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by the king to officiate for the royal family. After the battle of Pinkie, September, 1547, Protector Somerset sent two commissioners, Boham and Chamberlayne, to suppress the monastery of Holyrood. They found the monks already fled, but they stripped the abbey of the lead, and carried off the two bells; one of which was afterwards hung in the chapel of the Cowgate, built for the English communion in 1771. The reformers in June 1559 further spoiled the abbey, and damaged the palace also. The unfortunate Queen Mary was married in the abbey church to Lord Darnley on the 29th of July, 1566 ; and on the 15th of May, 1567, she was again married to the Earl of Bothwell in the hall of the palace. Again, on the imprisonment of Mary in 1567, that is, in the same year as her second marriage, the Earl of Glencairn ransacked the chapel of Holyrood House. At the suppression of the abbey it enjoyed a greater revenue than any other religious house of the southern shires of Scotland. This revenue was in money £2,926 8s. 6d., besides one paid annually in kind, of thirtysix chalders ten bolls of wheat, forty chalders nine bolls of barley, thirty-four chalders fixteen bolls of oats, four chalders of meal, five hundred and one capons, twenty-four hens, twenty-four salmon, three swine, and ten loads of salt: a most magnificent revenue in Scotland at that period.

After the suppression of the monastery, the abbey church was used as the parish church of the Cowgate; but James the Sixth of Scotland and First of England,—the British Solomon,-sent workmen from London to repair and beautify it, but unfortunately he ordered the portraits of the apostles to be painted on the walls. At this the Genevan spirit of the Scotch reformers took fire; they declared that no “graven images” should be set up there, and James was advised by the dean of the chapel, the Bishop of Galloway, as he valued his peace to defift, which he did, only lamenting that prejudice could not distinguish betwixt ornament and image. Charles II., after his restoration, appropriated the church of the abbey as the chapel royal ; and had it handsomely fitted up for the sovereign and the knights of the Order of the Thistle, to whom the key of the church was configned. He also erected an organ in it. The chapel was finally ruined at the revolution, by attempting to put a stone roof on it, which proved too heavy for the walls, and it fell, demolishing the whole interior. Since then it has remained a ruin. Charles II, also had the palace rebuilt by Sir William Bruce, and this is the date of the main portion of the building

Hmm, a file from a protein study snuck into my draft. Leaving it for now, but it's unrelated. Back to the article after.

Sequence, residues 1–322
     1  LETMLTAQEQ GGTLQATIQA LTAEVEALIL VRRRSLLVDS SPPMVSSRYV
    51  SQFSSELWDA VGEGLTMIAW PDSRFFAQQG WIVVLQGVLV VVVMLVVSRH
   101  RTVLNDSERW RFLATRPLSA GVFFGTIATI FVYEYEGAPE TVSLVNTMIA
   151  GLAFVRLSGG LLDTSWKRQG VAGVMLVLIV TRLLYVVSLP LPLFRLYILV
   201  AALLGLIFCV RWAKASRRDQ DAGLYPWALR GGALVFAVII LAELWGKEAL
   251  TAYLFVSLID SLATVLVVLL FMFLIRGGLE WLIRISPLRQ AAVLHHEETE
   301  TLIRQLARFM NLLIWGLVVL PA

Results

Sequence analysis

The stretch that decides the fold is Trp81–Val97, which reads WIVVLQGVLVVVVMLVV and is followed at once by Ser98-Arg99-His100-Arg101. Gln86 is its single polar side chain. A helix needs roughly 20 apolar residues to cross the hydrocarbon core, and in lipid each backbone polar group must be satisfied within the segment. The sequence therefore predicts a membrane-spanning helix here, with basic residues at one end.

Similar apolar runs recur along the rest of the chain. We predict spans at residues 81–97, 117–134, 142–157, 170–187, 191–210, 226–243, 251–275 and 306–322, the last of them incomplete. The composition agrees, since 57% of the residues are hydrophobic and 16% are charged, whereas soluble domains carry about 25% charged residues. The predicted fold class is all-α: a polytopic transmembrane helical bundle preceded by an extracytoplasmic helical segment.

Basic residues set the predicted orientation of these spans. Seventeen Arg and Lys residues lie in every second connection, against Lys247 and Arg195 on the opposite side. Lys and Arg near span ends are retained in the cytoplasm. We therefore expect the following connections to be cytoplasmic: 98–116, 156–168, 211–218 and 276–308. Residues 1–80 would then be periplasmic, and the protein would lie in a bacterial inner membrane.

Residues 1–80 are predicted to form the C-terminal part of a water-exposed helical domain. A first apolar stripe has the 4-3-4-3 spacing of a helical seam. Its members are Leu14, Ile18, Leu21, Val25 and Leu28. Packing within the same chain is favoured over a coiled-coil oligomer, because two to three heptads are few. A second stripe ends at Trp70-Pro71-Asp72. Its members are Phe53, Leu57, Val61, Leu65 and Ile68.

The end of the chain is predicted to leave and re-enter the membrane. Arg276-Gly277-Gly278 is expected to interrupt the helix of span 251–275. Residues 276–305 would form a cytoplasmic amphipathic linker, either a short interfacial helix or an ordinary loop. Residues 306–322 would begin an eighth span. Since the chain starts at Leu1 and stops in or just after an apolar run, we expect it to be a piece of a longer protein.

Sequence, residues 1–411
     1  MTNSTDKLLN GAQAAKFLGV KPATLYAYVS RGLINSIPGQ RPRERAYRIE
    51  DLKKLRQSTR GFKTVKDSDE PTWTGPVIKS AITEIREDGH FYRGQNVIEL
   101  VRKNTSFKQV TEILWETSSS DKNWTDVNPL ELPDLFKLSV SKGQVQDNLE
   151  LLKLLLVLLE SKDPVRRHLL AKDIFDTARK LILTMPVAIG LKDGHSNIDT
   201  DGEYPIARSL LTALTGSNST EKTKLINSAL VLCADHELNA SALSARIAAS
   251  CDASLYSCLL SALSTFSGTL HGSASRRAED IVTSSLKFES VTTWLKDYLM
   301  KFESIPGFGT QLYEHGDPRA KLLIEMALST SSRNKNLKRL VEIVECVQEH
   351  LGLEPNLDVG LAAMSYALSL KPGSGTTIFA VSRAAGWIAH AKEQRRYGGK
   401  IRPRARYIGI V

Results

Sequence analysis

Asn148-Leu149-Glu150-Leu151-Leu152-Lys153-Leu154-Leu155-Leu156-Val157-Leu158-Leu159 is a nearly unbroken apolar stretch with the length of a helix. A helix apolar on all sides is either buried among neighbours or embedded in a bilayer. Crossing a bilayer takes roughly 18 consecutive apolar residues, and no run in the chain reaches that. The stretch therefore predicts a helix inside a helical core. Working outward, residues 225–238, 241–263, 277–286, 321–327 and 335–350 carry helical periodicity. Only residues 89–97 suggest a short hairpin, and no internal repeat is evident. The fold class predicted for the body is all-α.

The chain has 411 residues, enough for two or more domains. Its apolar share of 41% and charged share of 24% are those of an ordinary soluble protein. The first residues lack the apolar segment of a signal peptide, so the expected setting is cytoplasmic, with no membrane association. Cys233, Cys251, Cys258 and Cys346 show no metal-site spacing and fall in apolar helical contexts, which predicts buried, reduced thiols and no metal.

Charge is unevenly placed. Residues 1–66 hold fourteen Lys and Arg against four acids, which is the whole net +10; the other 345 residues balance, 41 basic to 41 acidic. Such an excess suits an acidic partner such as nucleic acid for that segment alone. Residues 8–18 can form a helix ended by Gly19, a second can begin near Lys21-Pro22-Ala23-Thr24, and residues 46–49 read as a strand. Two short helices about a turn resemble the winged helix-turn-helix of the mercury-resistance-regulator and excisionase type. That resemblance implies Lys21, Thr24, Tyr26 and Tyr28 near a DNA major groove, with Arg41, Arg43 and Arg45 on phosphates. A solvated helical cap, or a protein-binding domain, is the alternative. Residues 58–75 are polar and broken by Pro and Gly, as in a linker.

The chief events connected with the palace, besides those enumerated, belong to the reign of the unfortunate Mary. In her time the building of the palace was modern, and she occupied it during her short and troubled reign with much splendour. In it she witnessed some most dreadful and most miserable transactions, and the interest and romance of her sorrowful life are those which still more than all others envelope it.

For many ages the monarchs of England had been determined on the annexation of Scotland by arms, as they had annexed Wales and Ireland. But, disappointed in this, no sooner was James V. dead, leaving only a daughter, a week old, to succeed him, than Henry VIII. determined on securing the union of this kingdom by the marriage of this daughter with his son Edward. Events defeated his design; Mary was married to the French dauphin, and became Queen of France by her husband's accession to the crown as Francis II. During her abode in France, Scotland was governed by her mother, Mary of Guise, as queen-regent.

But she had a terrible time of it; Scotland being repeatedly invaded by the